Word Analysis: Principles for Instruction and Progress Monitoring


Good readers rely primarily on print rather than on pictures or context to help them identify familiar and not-so-familiar words. For this reason, it is critical that students learn common sound-letter correspondences and effective sounding-out strategies including: using word families; blending; structural analysis; identification of root words; and prefixes and suffixes. This professional development guide introduces audiences to: (a) word analysis and its importance to reading success; (b) activities for teaching word analysis; and (c) approaches to monitoring children’s progress in word recognition.

The guide contains four sections of materials for presenters of word analysis.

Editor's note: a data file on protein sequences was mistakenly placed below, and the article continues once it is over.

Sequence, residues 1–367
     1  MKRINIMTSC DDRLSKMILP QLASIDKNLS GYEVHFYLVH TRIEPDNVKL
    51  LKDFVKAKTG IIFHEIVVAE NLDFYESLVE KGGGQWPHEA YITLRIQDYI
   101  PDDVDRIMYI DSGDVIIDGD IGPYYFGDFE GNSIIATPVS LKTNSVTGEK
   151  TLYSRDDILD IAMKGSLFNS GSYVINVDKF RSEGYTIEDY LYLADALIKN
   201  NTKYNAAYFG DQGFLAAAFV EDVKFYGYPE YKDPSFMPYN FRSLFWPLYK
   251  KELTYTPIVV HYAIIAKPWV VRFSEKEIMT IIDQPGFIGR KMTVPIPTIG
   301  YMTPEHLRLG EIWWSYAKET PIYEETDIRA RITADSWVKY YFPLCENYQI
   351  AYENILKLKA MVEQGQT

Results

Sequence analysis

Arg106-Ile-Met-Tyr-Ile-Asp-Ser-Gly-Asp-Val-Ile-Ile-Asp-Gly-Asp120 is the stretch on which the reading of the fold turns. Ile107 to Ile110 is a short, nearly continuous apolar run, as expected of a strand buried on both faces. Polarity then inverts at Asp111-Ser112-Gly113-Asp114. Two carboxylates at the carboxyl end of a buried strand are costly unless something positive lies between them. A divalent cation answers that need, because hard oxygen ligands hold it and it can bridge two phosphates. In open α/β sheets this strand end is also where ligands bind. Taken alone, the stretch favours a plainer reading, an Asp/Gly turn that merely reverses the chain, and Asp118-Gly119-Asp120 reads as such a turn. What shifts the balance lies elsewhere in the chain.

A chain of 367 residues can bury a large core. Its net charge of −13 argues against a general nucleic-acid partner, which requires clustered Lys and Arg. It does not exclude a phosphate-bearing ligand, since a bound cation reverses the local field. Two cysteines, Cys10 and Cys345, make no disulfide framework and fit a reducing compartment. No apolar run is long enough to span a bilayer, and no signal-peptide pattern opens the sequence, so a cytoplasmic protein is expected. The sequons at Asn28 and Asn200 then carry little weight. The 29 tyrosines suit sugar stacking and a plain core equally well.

1. The Professional Development section includes speaker’s notes and suggestions on how to guide participants through the workshop.
  2. The Overheads section contains transparencies containing key points and activities to accompany speaker’s notes.
  3. The Handouts section includes workshop notes for participants to take notes on the presentation and activity handouts for group activities.
  4. The Appendices section provides a list of references for word analysis research.

This guide also contains general adaptations (i.e., instructional design, instruction and curricula, behavioral support) and specific adaptations (e.g., how to teach letter-sound correspondences through explicit instruction) that will benefit struggling readers and writers, including students with disabilities.